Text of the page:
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INTERVIEWS


America will remain Bally’s primary market. “But it will not surprise me if in the next five years it becomes fifty-fifty.”


No distractions Although it wants to grow in Asia,


Bally is not considering investing in electronic table games, says Mr Srinivasan. It is a new product cat- egory that has been quite successful in Singapore and is slowly making its way into Macau. Mr Srinivasan, who has worked


for Bally since 2005, replaced Gavin Isaacs in April. Mr Isaacs, the former chief operating officer, left the com- pany to join Shuff le Master Inc. as its chief executive. Mr Srinivasan previously headed Bally’s gaming systems unit. A change in leadership will not


translate into big changes in com- pany strategy. The biggest change so far is that all Bally’s units are now run in a “similar style”, he says. The company continues to buy


back its shares in the absence of other companies out there that are worth buying, according to Mr Srinivasan, and it is boosting its research-and- development budget. “We have more than doubled R&D in the last few years. R&D is our driver. That is what drives our growth,” says Mr Srinivasan. Some of the budget has been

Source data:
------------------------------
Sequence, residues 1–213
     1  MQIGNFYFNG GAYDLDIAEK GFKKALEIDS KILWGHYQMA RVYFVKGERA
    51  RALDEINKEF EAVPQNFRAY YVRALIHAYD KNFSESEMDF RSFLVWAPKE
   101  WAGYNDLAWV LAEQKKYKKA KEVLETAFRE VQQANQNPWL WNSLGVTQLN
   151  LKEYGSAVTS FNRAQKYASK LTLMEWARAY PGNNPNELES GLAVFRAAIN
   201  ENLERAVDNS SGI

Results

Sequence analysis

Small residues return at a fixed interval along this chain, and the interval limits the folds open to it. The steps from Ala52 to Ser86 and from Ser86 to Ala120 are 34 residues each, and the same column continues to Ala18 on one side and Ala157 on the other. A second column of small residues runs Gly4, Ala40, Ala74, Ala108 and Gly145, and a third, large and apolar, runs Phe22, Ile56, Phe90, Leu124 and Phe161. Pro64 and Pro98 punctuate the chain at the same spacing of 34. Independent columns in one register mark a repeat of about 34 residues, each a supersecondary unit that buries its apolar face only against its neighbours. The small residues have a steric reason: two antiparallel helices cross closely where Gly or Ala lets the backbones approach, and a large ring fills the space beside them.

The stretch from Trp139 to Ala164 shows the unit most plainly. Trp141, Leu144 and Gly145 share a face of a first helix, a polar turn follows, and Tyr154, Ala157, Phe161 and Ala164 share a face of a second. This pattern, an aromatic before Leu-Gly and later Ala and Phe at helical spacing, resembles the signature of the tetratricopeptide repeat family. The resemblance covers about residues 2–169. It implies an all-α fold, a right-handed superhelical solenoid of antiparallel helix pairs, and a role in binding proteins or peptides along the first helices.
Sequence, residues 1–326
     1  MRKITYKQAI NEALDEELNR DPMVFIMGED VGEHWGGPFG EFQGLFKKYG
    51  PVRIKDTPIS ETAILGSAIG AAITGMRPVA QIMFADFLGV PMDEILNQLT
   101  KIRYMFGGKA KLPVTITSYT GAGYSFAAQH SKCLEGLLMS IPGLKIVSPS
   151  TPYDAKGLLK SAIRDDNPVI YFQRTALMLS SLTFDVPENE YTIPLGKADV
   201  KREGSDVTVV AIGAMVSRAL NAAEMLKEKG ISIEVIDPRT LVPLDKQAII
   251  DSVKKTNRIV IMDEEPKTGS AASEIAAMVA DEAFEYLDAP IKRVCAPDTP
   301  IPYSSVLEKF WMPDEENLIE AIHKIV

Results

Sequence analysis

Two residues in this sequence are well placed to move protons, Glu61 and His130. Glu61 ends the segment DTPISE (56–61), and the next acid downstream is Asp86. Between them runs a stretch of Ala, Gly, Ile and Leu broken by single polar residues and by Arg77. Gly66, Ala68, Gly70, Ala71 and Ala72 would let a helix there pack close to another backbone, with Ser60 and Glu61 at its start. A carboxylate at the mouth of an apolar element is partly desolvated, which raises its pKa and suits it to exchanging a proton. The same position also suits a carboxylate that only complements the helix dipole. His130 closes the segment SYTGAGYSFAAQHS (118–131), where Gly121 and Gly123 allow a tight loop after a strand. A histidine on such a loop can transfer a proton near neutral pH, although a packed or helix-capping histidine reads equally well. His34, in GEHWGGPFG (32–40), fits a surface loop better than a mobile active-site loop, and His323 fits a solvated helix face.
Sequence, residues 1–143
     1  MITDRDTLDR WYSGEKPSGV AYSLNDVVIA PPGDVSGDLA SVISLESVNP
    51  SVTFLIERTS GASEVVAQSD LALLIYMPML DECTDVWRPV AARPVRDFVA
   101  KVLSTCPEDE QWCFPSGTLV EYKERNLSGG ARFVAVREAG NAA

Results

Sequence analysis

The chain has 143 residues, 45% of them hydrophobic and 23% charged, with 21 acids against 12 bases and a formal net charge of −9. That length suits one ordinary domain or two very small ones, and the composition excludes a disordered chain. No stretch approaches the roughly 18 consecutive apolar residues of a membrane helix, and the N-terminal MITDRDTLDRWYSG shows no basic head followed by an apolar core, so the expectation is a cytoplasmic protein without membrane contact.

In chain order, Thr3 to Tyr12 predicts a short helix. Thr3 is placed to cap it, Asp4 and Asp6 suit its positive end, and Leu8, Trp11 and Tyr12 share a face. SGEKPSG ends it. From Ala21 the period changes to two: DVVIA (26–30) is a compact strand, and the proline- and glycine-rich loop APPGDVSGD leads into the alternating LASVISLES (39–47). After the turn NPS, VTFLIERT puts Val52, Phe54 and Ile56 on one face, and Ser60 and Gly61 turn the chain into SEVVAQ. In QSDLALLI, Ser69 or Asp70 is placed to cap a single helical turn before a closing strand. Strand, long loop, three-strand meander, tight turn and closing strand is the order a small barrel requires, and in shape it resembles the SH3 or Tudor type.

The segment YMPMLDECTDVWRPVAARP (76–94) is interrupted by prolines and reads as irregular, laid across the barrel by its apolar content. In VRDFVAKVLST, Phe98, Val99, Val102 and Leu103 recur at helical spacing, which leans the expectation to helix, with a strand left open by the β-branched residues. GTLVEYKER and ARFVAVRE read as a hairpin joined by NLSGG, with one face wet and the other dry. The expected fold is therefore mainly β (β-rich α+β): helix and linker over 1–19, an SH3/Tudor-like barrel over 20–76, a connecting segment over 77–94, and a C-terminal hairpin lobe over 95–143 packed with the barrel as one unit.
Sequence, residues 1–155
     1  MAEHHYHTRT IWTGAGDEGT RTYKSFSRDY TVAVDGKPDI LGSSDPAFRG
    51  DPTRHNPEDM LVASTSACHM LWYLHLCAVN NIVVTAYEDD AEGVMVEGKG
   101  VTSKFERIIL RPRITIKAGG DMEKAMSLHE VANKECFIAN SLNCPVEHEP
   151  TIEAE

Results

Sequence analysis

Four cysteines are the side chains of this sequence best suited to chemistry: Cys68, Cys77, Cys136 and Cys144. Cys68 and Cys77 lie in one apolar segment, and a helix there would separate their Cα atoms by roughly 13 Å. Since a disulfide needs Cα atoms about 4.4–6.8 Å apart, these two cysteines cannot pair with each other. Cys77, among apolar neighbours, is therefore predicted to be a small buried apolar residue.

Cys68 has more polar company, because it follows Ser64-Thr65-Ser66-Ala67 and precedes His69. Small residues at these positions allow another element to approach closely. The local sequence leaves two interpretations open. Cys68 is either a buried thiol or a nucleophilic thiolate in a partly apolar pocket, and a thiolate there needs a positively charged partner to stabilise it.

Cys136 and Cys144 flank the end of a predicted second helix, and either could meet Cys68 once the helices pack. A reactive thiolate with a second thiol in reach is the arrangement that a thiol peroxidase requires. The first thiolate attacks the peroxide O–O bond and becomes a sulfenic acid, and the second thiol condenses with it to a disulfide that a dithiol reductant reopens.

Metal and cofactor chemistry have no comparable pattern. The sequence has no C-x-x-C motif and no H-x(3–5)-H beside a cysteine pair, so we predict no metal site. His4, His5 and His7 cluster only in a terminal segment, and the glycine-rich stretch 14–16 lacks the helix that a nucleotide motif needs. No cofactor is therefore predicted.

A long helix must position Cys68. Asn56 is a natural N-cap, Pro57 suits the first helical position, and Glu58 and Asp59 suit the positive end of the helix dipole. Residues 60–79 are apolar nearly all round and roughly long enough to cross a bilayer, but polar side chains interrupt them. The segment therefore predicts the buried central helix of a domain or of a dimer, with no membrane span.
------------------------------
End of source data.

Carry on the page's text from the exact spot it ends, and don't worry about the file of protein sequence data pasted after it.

spent on Bally’s player-communi- cation technology. Last month the company announced an agreement with Caesars Entertainment


will see the iVIEW Display Manager in-game


player-user-interface


led by the Philippine Amusement and Gaming Corp. “We see Asia-Pacific overall,


starting from Australia all the way up to the north, as a major area of growth for us


in the next three


years,” says Mr Srinivasan. “Our international revenue has


grown from above 5 percent of over- all revenue five years ago to about 20 to 25 percent now. And this 20 to 25 percent is of an expanded rev- enue base. Our total revenue is much higher now.” Even so, Mr Srinivasan believes that for the next few years, North


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stalled at its casinos. Bally describes iVIEW as a dynamic customer-re- lationship marketing tool


that in-


that will


cross-promote everything from gaming to dining to entertainment. While some might argue always-


on advertising can distract punters, Mr Srinivasan says it is not the case. “In all the experiments done so far in casinos, it has only helped game play. It has not hurt it.”


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